In 1691 the family was joined by a permanent guest: the philosopher John Locke (1632–1704), a friend of Damaris who had recently returned to England from his voluntary exile in the Netherlands. Locke spent his final years in the company of the Mashams at Oates; he was given a room and afforded space for his library of around 3,500 volumes, and it was there that he wrote most of his work on money (edited in this superb edition by Patrick Hyde Kelly, a Peterhouse alumnus), his Some thoughts concerning education (1693), and his Reasonableness of Christianity (1695). Locke’s stay at Oates lasted thirteen years, and ended with his death in October 1704. It was then that his library was split in half and devised to two beneficiaries: Locke’s cousin, Peter King (1669–1734), and Francis Cudworth Masham, Locke’s seventeen year old housemate.

These two halves of Locke’s library would have remarkable, but very different afterlives. A significant portion of Peter King’s share of Locke’s library remained in the possession of the King-Lovelace family until the 1950s, when it was discovered in the family’s hunting lodge by Peter Laslett (1915–2001) and purchased for the Bodleian Library by the philanthropist Paul Mellon (1907–99). The greater part of Francis Cudworth Masham’s portion of Locke’s library was dispersed in the eighteenth and nineteenth centuries, and the Peterhouse copy of Barrow’s Works is a remnant of this dispersion; it was owned by a descendant of Masham, appropriated by his creditors, and sold at auction in 1883 ― after which it presumably entered the Ward Library as a gift.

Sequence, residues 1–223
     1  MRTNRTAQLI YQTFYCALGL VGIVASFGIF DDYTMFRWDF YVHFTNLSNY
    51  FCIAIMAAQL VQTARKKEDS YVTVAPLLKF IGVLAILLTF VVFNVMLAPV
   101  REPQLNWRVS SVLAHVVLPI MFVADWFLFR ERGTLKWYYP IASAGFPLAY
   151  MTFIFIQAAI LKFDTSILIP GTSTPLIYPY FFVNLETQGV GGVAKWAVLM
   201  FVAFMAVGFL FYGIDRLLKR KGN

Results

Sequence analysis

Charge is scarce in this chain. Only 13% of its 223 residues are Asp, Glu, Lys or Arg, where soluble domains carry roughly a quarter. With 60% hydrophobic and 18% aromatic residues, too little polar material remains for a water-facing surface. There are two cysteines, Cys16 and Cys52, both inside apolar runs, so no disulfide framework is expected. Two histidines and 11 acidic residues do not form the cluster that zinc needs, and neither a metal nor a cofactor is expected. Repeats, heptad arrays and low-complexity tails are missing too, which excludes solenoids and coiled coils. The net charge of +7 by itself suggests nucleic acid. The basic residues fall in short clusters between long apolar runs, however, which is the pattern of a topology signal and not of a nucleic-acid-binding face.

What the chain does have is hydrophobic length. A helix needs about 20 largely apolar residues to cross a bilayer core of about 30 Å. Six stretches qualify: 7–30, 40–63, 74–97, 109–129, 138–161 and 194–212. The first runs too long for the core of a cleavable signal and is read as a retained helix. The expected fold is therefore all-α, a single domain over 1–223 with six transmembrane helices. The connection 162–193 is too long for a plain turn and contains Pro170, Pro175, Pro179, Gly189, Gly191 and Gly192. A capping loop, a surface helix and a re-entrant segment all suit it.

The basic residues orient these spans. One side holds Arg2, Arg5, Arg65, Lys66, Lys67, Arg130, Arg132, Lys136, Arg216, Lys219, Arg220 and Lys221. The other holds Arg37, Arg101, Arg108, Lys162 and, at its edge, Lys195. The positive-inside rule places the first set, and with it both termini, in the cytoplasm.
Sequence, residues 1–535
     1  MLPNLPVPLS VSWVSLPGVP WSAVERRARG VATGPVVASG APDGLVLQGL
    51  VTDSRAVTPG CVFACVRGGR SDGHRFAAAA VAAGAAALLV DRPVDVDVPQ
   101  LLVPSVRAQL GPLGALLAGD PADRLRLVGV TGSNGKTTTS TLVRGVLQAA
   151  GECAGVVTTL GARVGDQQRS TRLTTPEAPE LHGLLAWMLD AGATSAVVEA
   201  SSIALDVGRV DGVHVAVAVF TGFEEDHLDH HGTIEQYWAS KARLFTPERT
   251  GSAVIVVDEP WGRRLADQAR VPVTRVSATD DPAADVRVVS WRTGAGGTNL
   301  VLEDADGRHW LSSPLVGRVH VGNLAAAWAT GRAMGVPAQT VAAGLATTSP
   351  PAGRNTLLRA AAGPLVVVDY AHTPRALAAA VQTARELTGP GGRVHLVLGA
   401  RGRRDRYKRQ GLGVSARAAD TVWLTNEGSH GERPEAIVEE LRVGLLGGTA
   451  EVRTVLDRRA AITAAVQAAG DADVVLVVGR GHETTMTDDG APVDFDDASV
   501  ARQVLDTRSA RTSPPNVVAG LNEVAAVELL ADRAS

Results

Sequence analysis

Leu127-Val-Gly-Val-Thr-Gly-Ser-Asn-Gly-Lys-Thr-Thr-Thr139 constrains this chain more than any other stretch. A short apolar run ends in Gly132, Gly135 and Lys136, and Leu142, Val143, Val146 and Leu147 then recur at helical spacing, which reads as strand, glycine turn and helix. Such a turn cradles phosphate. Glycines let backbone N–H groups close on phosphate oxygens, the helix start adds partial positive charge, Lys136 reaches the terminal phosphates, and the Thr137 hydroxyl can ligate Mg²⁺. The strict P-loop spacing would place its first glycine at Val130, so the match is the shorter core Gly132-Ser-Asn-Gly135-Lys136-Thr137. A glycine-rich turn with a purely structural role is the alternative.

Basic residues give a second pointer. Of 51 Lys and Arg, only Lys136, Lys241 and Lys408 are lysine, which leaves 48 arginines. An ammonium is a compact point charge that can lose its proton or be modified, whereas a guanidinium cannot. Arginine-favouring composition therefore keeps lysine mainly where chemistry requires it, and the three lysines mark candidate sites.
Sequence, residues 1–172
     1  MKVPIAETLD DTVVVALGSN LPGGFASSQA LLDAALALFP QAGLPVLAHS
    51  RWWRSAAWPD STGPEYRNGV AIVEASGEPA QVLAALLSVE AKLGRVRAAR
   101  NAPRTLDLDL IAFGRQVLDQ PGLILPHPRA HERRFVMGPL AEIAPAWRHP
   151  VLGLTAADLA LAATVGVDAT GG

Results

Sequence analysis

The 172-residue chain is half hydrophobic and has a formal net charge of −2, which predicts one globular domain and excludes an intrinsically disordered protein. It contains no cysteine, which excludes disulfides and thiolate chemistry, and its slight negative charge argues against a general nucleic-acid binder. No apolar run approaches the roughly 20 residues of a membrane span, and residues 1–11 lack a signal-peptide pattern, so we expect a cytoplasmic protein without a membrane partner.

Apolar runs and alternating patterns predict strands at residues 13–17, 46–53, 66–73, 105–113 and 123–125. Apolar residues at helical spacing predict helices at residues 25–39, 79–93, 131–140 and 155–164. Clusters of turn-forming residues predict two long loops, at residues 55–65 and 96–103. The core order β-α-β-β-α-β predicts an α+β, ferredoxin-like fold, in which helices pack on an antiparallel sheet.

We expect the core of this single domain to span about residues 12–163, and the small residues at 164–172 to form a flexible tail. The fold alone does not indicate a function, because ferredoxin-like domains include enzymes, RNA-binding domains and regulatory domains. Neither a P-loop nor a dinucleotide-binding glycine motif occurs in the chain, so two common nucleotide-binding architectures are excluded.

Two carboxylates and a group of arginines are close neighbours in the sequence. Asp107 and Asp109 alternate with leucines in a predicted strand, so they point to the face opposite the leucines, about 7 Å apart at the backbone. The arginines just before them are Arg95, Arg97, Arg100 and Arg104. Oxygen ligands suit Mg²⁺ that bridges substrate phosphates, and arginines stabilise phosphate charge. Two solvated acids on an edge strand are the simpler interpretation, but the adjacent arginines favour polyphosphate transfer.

Many aspects of Locke’s life are minutely documented by his surviving journals and correspondence. Yet Locke’s friendship with Barrow is surprisingly difficult to reconstruct. A letter to Locke of December 1672 thanks him for a piece of ‘newes’ which he had provided about Barrow, but the ‘newes’ itself does not survive. A letter to Locke of July 1674, written by Sir Peter Colleton (1635–94), asks Locke to present his ‘service’ to Barrow, without clarifying the nature of their mutual acquaintance. Three years later, in August 1677, Locke himself would describe his sadness at Barrow’s recent death, without otherwise detailing their relationship or explaining how it commenced; Barrow, he laments, was a ‘very considerable freind [sic]’.